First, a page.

It’s Rivalry Day here at the SB Nation family of NBA blogs, so we’ve been tasked with writing about the Nuggets‘ biggest rival. But the larger question is: do the Nuggets have a true rival?

When you think of great NBA rivalries, you think historically of Lakers versus Celtics, or perhaps (more recent history) Knicks versus Heat. Perhaps you think regionally, like Spurs versus Mavericks (Tim Duncan and Dirk Nowitzki have been going at it in Texas during the regular and post-season for 14 years now), or Lakers versus Suns (have met in the playoffs three times in the last six years), or Celtics versus LeBron James (with James’ Cleveland legacy carrying over to his epic playoff series on the Heat against the Celtics).

To me – save Lakers versus Celtics (a rivalry unparalleled in professional sports given that they've competed for 12 NBA Championships and have 33 titles combined between the two storied franchises) – a rival is a long time opponent within your division or conference who your team routinely has to go up against in big games and multiple playoff series. Ideally, a rival is an opponent that sometimes beats your team, and is sometimes beat by your team.

Given those parameters, the Nuggets don’t have a true rival but have three possible choices: the Los Angeles Lakers, the Utah Jazz and the San Antonio Spurs. Below is my the breakdown on what makes each of these franchises candidates to be the Nuggets’ official “rival” and I’ll let my fellow Stiffs decide who it should be with the attached poll.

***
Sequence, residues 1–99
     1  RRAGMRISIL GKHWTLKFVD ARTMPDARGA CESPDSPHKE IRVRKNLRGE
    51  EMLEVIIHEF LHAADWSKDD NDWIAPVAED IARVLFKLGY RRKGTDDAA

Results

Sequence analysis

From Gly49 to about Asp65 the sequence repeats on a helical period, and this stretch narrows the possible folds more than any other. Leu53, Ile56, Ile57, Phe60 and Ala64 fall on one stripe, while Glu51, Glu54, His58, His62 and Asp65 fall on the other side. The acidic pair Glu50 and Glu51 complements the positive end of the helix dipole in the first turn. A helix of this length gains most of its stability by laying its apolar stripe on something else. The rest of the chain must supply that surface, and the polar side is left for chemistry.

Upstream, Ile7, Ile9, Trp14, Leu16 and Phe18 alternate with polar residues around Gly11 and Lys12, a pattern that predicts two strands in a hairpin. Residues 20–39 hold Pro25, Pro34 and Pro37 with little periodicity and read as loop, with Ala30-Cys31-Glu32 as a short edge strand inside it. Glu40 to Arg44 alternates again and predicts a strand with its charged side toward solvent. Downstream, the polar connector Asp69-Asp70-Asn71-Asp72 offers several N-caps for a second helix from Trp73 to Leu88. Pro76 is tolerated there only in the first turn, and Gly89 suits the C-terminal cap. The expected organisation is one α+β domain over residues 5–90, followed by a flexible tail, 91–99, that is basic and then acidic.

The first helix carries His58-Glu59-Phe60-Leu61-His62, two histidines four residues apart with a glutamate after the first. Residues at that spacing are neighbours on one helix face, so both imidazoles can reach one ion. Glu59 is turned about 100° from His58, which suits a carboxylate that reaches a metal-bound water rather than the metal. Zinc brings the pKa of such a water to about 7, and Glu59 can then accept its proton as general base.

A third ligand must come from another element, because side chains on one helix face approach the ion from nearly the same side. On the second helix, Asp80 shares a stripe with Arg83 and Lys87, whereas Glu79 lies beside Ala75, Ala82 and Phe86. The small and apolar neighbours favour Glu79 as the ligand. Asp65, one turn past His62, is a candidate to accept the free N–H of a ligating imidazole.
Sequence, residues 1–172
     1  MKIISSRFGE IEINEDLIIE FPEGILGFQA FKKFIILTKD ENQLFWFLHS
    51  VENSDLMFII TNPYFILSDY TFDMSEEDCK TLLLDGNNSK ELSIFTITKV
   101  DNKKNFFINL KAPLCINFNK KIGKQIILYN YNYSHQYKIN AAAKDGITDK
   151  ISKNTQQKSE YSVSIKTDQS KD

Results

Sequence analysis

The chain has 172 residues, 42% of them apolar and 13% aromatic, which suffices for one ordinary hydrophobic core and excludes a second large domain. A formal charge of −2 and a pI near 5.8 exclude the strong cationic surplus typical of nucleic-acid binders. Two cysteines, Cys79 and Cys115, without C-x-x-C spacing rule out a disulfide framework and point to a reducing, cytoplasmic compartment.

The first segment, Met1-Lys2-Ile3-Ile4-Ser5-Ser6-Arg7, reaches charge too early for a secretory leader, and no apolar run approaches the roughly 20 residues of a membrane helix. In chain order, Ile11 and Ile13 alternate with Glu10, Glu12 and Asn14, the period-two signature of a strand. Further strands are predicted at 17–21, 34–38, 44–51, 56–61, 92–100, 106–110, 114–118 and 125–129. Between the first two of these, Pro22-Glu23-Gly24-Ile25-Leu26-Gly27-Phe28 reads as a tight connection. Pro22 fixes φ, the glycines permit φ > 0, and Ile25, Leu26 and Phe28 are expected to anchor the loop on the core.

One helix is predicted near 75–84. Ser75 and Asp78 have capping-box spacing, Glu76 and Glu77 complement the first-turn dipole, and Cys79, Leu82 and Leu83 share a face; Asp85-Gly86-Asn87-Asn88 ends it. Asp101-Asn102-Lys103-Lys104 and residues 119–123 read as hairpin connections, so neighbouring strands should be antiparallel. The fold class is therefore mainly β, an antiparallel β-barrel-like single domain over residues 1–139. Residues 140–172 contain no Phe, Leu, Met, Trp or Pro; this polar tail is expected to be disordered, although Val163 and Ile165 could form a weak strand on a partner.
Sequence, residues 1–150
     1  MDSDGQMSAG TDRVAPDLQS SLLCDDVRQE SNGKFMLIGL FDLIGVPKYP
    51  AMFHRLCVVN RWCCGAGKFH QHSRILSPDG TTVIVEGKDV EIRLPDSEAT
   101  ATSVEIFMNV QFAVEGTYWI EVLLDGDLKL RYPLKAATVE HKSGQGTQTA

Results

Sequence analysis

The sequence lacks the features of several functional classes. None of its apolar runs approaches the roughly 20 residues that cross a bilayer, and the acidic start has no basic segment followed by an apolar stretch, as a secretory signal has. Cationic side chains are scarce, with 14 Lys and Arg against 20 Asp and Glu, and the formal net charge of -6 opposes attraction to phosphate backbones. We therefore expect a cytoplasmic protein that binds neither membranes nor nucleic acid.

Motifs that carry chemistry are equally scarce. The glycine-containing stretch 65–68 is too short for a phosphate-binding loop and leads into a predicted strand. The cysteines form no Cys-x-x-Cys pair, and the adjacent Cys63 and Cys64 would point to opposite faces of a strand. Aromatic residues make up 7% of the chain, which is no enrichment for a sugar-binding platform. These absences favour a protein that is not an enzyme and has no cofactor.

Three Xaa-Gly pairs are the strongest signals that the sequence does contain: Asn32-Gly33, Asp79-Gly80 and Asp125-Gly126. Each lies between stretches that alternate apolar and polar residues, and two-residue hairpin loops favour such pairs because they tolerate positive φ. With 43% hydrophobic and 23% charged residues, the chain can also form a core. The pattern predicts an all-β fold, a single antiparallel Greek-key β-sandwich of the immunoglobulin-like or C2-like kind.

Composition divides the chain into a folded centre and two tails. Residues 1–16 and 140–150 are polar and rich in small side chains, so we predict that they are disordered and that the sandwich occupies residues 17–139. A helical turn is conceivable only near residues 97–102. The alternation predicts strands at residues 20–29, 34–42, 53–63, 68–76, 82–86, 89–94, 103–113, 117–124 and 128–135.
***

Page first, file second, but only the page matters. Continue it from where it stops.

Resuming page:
Rival Option 1: Los Angeles Lakers

A lot of Nuggets fans think that the Lakers are our biggest rival. After all, since joining the NBA in 1976, the Nuggets have competed against the Lakers six times in the post-season (tied for the most for any Nugget opponent with the Spurs), including two Western Conference Finals (1985 and 2009) and a thrilling seven-game, first round series this year. The only problem, of course, is that our Nuggets have never defeated the Lakers in a playoff series and are 52-98 (.347) all-time against the NBA's glamour franchise.

Moreover, a lot of NBA teams believe that the Lakers are “their” rival, including the Spurs (given their epic playoff battles in the 2000s and their combined 11 NBA Finals appearances from 1999 to the present), Suns (the Lakers’ division rival plus they’ve competed in the playoffs three times recently), Kings (the Lakers’ in-state rival, had some epic playoff showdowns in the early 2000s), Clippers (the Lakers’ in-stadium rival), Trail Blazers (another division rival that’s had numerous playoff showdowns versus the Lakers, including two tightly contested conference finals), Mavericks, Thunder, Warriors, Rockets and, of course, the Celtics.

So when every other team in your conference thinks that your rival is their rival, is it really your rival?

Rival Option 2: Utah Jazz

A good argument can be made that the Jazz are the Nuggets’ biggest rival. First, they’re the only two teams located in the Rocky Mountains. Second, they have played each other 167 times (tied for second most of any Nugget opponent with the Indiana Pacers, which includes ABA games). And third, they’ve competed in four playoff series – third most for any Nugget opponent behind the Lakers, with two going the distance (in 1984 Utah won 3-2 in the first round and in 1994 Utah won 4-3 in the second round after being up 3-0 and ruining the 8th-seeded Nuggets amazing Cinderella playoff run). They’ve also had some epic games, like when Rodney Rogers canned three three-pointers in nine seconds against the Jazz in 1994 (which was followed by Jeff Malone hitting a game-winning jumper with 12 seconds left) or when Mahmoud Abdul-Rauf lit up the Jazz for 51 points in 1995.